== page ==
He plants himself right in front of my swing. He pulls me closer to him. The stars never really shine in the city like they do in books and songs, but they seem a little brighter tonight. Maybe it’s because they’re quietly enthusiastic about me meeting the love of my life, David/Daniel. He smiles sleepily a couple of inches away from my face.
I can feel my adrenal glands releasing a whole slew of chemicals in preparation. I am sure he is going to kiss me. I have never kissed anyone before. I am sure I would be terrible at it.
I also don’t know if I want another person’s tongue in my mouth. My mouth has just enough tongues in it already; another would just be crowded and maybe my tongue would not appreciate another tongue in it’s home. My hands start sweating.
He looks at me for what feels like a good thirty seconds before he drops his eyes to ground. “You know what would look great?”
“No…” Does he not want to kiss me anymore? Wow all that drama for absolutely nothing. At least I have more time now to research smooching techniques in preparation for the next time he pulls me closer to him.
Which is now. He is coming closer to me right now. Shit. Because of my spotty work ethic, I’m going to ruin our first beautiful moonlit kiss with too much saliva and too little tongue. “What would look great?”
“Your tiny Asian hands wrapped around my big dick.”
I can feel the blood draining from my face, my heart rate rises, my mouth is suddenly dry. He’s not looking at me the way he’s supposed to.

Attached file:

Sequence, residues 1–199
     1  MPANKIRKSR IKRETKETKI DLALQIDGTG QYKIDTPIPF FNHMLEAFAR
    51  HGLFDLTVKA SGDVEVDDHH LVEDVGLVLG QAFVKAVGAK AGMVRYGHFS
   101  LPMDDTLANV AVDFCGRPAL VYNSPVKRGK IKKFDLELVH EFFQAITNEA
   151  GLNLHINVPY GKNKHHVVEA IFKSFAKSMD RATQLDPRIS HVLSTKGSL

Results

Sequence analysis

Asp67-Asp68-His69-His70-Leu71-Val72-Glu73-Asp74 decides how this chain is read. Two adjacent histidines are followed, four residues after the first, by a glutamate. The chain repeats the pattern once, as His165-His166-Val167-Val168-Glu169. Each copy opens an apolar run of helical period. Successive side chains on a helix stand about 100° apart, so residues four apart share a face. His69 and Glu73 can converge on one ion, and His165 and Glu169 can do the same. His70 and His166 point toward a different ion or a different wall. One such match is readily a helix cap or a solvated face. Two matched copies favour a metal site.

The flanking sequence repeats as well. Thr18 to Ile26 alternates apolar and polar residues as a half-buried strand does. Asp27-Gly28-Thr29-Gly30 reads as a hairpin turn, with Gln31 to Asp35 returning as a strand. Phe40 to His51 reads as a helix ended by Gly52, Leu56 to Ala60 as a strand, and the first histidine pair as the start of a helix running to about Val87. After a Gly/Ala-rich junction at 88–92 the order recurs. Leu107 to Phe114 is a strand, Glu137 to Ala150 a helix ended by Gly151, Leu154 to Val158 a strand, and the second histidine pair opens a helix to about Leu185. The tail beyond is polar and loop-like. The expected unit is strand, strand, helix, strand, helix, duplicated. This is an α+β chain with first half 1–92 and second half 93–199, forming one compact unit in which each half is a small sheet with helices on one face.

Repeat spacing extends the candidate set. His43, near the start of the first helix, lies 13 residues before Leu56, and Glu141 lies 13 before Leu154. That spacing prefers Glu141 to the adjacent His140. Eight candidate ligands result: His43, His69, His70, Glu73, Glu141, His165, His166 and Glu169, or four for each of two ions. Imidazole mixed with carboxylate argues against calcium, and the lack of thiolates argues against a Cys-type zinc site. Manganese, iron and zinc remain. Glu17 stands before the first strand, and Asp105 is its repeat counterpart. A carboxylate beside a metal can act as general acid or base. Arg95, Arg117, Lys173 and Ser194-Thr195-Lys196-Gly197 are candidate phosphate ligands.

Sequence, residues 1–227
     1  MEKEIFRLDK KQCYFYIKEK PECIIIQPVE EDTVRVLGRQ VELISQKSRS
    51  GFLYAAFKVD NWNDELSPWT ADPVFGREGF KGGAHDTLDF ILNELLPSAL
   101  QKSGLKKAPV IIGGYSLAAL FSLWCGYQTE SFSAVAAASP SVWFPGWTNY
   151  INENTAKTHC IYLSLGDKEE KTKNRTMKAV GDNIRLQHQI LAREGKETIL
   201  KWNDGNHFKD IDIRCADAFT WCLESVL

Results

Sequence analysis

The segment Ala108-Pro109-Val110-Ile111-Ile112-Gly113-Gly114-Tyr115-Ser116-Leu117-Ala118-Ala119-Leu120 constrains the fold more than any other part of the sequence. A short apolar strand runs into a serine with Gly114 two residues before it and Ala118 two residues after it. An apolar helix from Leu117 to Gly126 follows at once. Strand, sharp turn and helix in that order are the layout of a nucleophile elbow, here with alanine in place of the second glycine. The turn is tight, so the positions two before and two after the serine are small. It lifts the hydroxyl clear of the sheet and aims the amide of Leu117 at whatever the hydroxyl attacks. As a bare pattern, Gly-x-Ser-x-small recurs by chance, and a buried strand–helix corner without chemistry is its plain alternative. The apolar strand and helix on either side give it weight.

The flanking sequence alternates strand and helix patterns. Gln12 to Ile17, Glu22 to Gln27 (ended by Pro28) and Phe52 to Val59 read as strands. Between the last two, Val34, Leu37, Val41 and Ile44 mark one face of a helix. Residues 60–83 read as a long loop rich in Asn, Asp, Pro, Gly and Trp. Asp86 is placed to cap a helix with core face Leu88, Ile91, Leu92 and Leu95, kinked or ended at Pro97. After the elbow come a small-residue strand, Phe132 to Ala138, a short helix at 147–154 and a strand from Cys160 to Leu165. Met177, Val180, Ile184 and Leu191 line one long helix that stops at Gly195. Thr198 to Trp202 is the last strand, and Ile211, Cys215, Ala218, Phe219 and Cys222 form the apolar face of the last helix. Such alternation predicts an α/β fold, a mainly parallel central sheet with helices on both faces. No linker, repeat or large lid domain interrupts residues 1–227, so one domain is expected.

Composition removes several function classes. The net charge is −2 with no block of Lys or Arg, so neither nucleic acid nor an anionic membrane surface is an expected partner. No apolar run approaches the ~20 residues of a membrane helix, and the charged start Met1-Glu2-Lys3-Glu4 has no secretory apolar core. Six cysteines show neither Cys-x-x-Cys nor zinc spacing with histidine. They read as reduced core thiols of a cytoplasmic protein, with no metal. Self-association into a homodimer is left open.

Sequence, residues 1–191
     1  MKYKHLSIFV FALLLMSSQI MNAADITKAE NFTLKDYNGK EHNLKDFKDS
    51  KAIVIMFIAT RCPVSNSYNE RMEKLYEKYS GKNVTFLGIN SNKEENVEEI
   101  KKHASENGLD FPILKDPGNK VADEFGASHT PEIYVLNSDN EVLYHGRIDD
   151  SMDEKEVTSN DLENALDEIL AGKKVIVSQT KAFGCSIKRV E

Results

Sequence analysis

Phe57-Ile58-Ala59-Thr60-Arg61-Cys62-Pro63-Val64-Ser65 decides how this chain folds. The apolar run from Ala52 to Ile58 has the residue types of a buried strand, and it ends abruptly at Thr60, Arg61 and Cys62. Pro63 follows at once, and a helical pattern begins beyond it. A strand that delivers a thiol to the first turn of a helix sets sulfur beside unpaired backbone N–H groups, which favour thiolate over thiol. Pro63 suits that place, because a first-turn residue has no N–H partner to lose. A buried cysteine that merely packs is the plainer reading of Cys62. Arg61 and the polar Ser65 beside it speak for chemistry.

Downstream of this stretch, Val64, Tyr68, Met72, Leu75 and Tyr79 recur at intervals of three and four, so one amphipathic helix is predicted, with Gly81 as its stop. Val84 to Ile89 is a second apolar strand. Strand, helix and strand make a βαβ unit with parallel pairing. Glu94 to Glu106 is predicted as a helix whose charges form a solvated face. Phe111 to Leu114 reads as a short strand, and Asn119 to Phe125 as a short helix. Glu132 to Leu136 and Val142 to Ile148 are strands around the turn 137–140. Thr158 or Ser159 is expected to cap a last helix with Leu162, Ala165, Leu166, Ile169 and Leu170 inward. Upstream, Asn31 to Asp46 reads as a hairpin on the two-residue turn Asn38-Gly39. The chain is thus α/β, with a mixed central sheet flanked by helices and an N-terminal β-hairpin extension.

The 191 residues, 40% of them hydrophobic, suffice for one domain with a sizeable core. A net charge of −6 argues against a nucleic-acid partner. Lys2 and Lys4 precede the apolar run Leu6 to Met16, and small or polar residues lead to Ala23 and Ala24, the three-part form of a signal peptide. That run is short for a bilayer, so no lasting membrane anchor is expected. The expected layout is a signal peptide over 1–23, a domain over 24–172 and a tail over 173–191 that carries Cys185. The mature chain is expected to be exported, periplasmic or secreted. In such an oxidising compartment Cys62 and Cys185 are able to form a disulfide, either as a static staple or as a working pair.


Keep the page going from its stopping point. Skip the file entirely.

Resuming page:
Instead, David/Daniel is looking at me the way spoiled boys accustomed to getting everything they want look at new toys. I don’t know what to do. I do not want to be a new toy.
I know what I am supposed to do. I am supposed to push David/Daniel out of the way. I am supposed to tell him that he is taking part in fetishizing an entire ethnicity. I am supposed to tell him that I am not a slanted eyed blow up doll. I am supposed to do a lot of things.
I know how I should’ve looked, what I should’ve said, what I should’ve done.
He smiles and takes my hand in his – such an innocent thing to do. He guides my hand to his crotch. He tells me, in the same low voice, “Suck it, too.”
I came home forty minutes later with salty cheeks and sticky hands, confused and angry and sad… but also smug, a little happy. David/Daniel chose to objectify me. He chose to make a move on me.
That must mean I meet some standard. He didn’t like me the way I wanted him to, but he still wanted Agnes. Kind of.
I love the way my mom says my name. Her voice carries a playful lilt to it, even when she’s angry. She’ll tell me that my name conveys the way water barrels into stone on a beach, but how the water wins. I don’t understand this.
“Dulguun!” I can make peace with the way my teachers used to say my name. It was hard for them, but they jumped through firey hoops of the hard “d” and the subtle double u’s. They tried.
I’m not sure if they were correct, but my teachers tried. I’m actually not sure how to say my name in English. I write it on forms and wince when I hear “dull goon.”
Names are important. They’re kind of what anchor you to the world. Your parents choose it, but after a certain age, you can make the decisions.
I spot him by the bar. This one has bushy eyebrows and stubble, and he’s laughing with his friends. He’s saying something, excited and impatient for the words to come out, and once they do, the group starts laughing.
I smile at him, and he smiles back.